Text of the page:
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American depository receipts and calendar anomalies


  • Janie Casello Bouges
  • Ravi Jain
  • Yash Puri


This is the first study to examine the presence of calendar anomalies in American Depository Receipts (ADR) returns. Existing literature has documented several calendar anomalies in US and foreign markets. ADRs, however, represent a unique class of securities because they represent the ownership of stock of a foreign firm, but they are traded on US markets. We use the Standard & Poor's (S&P) ADR index returns for the period 1998-2004 to look for the presence of four important anomalies: the January effect, the day-of-the-week effect, the Turn-Of-The-Month (TOTM) effect and the holiday effect. For comparison, we do the same analysis on S&P 500 index returns. While we do not find evidence of any anomalies for S&P 500 index returns, we do find evidence to support the TOTM anomaly in the S&P ADR index returns. These results suggest that the market for ADRs may not be as efficient as the broader US stock market.

Suggested Citation

  • Janie Casello Bouges & Ravi Jain & Yash Puri, 2009. "American depository receipts and calendar anomalies," Applied Financial Economics, Taylor & Francis Journals, vol. 19(1), pages 17-25.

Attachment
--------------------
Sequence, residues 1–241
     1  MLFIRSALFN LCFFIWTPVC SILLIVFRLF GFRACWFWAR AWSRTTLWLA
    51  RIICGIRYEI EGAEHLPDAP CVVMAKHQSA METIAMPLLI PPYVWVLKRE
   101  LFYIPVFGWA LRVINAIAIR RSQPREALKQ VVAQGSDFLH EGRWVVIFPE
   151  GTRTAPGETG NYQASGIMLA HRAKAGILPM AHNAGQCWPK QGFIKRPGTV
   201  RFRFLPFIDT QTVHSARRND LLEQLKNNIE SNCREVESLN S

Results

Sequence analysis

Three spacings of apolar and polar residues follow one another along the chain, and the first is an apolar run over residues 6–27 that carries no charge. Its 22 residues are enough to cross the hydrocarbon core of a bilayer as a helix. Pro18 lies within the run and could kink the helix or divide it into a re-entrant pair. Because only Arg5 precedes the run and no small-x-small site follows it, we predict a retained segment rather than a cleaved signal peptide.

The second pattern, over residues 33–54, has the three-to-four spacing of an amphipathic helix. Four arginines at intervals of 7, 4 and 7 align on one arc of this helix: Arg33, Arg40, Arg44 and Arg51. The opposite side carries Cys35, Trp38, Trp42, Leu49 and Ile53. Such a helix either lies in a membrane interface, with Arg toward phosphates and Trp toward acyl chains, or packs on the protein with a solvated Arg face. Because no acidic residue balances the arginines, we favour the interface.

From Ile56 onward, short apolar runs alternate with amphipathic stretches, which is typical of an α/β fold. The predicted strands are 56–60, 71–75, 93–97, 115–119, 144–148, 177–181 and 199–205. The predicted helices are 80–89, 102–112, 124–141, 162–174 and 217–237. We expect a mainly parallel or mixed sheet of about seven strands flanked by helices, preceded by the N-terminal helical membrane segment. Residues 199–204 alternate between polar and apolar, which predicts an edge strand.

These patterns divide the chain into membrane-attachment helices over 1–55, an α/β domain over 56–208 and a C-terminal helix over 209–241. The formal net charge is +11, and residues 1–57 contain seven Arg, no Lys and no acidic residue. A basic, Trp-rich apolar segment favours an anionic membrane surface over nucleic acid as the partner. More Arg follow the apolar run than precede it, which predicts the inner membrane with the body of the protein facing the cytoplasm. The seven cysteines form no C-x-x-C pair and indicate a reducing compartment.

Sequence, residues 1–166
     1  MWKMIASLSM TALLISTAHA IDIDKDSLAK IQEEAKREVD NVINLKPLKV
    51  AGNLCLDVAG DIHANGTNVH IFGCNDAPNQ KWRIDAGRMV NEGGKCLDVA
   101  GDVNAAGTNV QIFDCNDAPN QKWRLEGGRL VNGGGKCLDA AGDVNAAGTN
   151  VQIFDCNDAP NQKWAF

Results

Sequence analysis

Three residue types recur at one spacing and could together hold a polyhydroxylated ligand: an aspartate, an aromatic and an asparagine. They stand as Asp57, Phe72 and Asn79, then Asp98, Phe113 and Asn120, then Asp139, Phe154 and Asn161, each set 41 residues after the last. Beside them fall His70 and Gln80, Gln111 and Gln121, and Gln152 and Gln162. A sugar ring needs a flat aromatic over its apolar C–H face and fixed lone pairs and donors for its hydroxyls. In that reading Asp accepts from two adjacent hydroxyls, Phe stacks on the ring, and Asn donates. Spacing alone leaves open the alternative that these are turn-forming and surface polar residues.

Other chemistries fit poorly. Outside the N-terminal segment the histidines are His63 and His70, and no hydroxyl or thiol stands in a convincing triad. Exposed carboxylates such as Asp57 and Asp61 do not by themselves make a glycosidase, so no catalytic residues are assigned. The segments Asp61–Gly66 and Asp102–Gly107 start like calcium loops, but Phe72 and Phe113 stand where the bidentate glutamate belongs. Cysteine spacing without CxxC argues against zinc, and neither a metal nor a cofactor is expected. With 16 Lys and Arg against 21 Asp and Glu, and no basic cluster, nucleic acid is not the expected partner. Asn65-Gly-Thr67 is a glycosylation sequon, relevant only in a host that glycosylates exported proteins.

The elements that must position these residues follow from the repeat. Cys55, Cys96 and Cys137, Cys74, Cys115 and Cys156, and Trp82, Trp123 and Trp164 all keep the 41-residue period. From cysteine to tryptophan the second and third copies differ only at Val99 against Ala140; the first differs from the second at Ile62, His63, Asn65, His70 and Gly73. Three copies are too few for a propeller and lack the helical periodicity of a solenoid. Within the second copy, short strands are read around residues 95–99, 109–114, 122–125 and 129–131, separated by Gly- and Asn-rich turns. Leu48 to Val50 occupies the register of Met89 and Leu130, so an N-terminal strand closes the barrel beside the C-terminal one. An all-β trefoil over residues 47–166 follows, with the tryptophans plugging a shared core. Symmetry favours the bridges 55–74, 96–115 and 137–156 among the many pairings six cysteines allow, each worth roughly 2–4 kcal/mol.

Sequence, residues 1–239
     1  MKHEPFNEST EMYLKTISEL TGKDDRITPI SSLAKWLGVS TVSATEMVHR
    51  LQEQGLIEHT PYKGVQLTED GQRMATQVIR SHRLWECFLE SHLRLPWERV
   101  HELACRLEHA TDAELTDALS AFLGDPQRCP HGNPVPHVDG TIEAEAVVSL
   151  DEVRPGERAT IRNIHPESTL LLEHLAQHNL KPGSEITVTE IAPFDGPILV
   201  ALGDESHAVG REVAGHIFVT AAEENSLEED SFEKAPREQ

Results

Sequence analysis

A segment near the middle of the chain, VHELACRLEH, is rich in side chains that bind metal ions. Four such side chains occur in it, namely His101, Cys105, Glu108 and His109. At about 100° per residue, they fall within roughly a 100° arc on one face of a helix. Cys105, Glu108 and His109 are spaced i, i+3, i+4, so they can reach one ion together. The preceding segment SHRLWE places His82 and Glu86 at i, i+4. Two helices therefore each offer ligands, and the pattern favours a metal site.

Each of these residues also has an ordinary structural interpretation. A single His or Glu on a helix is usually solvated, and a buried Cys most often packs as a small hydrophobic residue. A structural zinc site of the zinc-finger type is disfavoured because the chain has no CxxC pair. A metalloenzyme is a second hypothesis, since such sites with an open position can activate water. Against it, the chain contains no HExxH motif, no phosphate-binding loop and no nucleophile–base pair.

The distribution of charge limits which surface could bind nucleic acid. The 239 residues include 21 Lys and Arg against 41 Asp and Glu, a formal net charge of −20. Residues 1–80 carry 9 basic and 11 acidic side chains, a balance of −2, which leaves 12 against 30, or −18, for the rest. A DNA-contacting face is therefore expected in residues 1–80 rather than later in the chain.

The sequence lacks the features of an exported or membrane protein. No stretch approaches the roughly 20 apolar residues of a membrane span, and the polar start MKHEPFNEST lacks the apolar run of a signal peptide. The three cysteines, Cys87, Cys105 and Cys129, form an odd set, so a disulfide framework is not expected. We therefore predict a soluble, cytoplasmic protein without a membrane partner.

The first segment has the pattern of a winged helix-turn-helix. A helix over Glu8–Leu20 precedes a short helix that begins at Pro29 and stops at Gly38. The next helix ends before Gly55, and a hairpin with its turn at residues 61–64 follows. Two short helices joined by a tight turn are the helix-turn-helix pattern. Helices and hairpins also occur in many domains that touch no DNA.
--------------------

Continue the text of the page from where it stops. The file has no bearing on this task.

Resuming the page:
• Handle: RePEc:taf:apfiec:v:19:y:2009:i:1:p:17-25
    DOI: 10.1080/09603100701748949

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    Cited by:

    1. James Philpot & Craig A. Peterson, 2011. "A brief history and recent developments in day-of-the-week effect literature," Managerial Finance, Emerald Group Publishing, vol. 37(9), pages 808-816, August.
    2. Boubaker, Sabri & Essaddam, Naceur & Nguyen, Duc Khuong & Saadi, Samir, 2017. "On the robustness of week-day effect to error distributional assumption: International evidence," Journal of International Financial Markets, Institutions and Money, Elsevier, vol. 47(C), pages 114-130.
    3. Levy, Tamir & Yagil, Joseph, 2012. "The week-of-the-year effect: Evidence from around the globe," Journal of Banking & Finance, Elsevier, vol. 36(7), pages 1963-1974.

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